Oct 06, 2009

Supreme Court Term Begins: Disparate Impact on the Docket (Again)

The Supreme Court began its 2009-2010 term yesterday. As a number of news reports have pointed out, there are a lot of business cases on the docket this time around, including a challenge to the accounting review board created by Sarbanes-Oxley. There are also a few cases with labor or employment implications on the docket, including a couple of arbitration cases (Union Pacific Railroad Co. and Stolt-Nielsen S.A.) and an ERISA dispute (Conkright).  

And just last week, the Court agreed to hear Lewis v. City of Chicago, a disparate impact case involving racial disparities in the results of a written test given to firefighter applicants. (Sound familiar?) This time around, Black applicants are suing the city of Chicago for using the results of a written test -- which they allege had a disparate impact based on race -- to decide whom to hire.

The issue in Lewis is when the plaintiff-applicants should have filed their charges of discrimination with the EEOC (which is a prerequisite to filing a lawsuit; plaintiffs who don't file a charge with the EEOC or a similar state agency may not sue under Title VII). The Seventh Circuit Court of Appeals found that the applicants filed their charges too late and entered judgment for the city. 

Plaintiffs have 300 days after their claim "accrues" to file a charge of discrimination with the EEOC. In Lewis, the plaintiffs learned their test results (which divided applicants into the categories of "well qualified," "qualified," or "not qualified") and were told that they were unlikely to be hired unless they fell into the "well qualified" category. At about the same time, the city announced that it was likely to hire only a third of those who fell into the well qualified category in the next three years.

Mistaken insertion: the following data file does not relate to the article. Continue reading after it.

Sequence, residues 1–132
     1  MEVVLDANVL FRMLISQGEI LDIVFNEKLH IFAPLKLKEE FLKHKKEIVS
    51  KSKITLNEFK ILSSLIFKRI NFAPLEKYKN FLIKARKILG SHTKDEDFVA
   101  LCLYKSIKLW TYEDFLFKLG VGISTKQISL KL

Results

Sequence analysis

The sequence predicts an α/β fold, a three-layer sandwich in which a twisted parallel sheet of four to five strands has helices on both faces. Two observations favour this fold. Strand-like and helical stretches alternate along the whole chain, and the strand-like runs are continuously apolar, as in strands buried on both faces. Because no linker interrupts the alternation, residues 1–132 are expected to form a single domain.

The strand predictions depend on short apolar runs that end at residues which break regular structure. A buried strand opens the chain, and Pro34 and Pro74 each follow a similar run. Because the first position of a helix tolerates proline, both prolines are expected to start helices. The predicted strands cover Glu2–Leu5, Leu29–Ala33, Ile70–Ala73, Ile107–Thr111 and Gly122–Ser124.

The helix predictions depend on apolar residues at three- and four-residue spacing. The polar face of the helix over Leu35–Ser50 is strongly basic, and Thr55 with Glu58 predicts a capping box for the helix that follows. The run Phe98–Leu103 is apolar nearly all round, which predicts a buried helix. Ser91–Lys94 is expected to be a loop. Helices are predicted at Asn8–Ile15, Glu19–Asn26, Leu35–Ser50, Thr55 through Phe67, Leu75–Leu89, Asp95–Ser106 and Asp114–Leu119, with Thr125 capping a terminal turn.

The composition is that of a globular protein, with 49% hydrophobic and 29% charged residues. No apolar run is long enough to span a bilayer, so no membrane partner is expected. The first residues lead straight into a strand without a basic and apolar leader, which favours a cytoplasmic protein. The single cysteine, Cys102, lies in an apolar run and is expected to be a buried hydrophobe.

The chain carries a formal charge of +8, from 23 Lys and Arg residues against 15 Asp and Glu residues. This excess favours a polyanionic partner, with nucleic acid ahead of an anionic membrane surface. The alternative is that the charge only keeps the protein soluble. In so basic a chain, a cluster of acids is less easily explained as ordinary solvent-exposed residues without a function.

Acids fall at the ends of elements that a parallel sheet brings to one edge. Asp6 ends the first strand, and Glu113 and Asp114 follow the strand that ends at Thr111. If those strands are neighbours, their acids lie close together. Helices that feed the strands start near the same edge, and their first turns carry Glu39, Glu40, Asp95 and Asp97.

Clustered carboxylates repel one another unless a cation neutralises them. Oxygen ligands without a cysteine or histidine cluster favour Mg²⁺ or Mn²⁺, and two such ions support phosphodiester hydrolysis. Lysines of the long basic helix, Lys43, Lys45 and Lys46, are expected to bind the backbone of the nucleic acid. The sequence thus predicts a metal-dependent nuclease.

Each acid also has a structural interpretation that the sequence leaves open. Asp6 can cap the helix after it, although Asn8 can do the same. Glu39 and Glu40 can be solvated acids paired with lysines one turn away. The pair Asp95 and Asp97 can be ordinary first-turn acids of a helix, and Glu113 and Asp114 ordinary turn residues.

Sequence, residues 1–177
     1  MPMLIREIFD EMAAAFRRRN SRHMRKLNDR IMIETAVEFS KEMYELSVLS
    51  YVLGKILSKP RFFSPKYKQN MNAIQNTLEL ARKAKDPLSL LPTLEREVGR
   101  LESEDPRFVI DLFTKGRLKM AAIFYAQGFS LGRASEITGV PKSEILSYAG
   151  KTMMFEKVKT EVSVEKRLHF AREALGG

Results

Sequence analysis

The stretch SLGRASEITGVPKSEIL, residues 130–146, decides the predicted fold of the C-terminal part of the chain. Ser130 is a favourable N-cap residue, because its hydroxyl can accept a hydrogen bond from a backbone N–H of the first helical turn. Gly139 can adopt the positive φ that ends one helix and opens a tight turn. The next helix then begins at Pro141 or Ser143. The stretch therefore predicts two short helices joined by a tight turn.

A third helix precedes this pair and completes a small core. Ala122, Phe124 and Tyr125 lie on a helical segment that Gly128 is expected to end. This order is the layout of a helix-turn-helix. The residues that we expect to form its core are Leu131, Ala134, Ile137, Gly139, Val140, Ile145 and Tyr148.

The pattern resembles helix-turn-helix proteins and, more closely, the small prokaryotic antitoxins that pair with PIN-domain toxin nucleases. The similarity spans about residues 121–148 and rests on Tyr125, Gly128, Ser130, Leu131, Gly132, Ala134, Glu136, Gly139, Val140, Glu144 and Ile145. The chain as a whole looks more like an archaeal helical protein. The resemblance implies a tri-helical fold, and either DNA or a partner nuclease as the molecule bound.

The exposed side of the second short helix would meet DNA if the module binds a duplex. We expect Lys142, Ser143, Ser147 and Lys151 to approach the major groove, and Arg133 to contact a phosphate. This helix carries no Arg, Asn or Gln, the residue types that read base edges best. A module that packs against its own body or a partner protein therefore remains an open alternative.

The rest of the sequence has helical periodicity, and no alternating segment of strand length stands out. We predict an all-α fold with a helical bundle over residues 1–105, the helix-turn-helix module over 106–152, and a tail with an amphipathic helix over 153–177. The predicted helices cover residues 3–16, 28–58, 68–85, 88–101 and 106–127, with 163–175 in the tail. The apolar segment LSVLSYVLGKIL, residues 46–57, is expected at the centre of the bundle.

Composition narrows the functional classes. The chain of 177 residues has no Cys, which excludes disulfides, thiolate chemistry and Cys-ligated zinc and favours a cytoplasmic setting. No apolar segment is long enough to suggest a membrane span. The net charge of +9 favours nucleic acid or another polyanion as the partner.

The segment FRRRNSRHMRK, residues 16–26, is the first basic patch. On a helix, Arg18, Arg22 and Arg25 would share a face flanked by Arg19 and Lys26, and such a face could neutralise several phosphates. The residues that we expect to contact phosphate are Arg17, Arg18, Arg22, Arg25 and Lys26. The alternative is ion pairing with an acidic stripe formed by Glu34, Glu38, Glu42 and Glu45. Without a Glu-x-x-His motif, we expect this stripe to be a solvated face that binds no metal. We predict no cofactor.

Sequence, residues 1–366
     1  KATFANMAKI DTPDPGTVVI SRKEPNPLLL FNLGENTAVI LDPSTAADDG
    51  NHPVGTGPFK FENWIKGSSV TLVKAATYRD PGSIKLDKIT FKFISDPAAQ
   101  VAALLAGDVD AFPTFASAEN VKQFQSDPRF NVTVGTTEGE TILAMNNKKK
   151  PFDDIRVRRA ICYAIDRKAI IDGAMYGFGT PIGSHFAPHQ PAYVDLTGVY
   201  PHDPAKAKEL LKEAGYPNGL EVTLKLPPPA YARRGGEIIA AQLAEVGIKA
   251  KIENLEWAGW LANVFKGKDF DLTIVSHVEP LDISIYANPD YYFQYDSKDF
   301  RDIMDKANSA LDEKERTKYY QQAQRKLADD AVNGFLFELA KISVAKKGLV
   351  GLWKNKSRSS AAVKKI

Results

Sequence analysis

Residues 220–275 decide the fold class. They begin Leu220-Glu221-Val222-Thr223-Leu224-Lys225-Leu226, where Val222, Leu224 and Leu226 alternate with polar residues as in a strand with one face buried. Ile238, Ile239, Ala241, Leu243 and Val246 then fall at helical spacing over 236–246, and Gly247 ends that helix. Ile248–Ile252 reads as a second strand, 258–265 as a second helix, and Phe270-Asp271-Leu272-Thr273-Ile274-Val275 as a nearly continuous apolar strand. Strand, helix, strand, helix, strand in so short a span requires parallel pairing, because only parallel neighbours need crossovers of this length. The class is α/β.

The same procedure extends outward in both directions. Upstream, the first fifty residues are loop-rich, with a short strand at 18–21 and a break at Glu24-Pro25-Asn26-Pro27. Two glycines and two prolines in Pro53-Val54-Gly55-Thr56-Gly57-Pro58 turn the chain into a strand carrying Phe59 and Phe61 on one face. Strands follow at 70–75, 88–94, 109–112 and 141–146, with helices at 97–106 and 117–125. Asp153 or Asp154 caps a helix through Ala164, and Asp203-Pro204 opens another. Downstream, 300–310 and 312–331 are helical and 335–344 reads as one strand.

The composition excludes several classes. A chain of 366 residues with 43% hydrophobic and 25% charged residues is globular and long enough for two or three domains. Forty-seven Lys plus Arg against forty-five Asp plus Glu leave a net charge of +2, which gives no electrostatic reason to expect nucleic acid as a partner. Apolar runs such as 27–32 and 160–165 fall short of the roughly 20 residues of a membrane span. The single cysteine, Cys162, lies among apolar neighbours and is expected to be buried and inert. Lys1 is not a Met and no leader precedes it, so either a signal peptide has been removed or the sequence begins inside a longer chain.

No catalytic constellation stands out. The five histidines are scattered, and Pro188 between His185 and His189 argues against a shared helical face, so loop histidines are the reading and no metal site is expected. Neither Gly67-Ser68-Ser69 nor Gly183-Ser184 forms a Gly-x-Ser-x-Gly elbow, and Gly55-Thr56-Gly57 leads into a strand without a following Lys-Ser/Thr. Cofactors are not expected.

The plaintiffs filed their charge more than 300 days after they received their test scores and learned how the city planned to use them, but within 300 days after the city actually started hiring based on those scores. The Seventh Circuit found that the plaintiffs' claims accrued when they learned their test scores, because that event determined whether or not they would be hired. Other Circuits have reached a different conclusion, finding that plaintiffs don't have to file charges within 300 days after a policy is announced, but only within 300 days after that policy is relied upon to make an employment decision. Presumably, the Supreme Court agreed to hear the case in order to clear up the issue.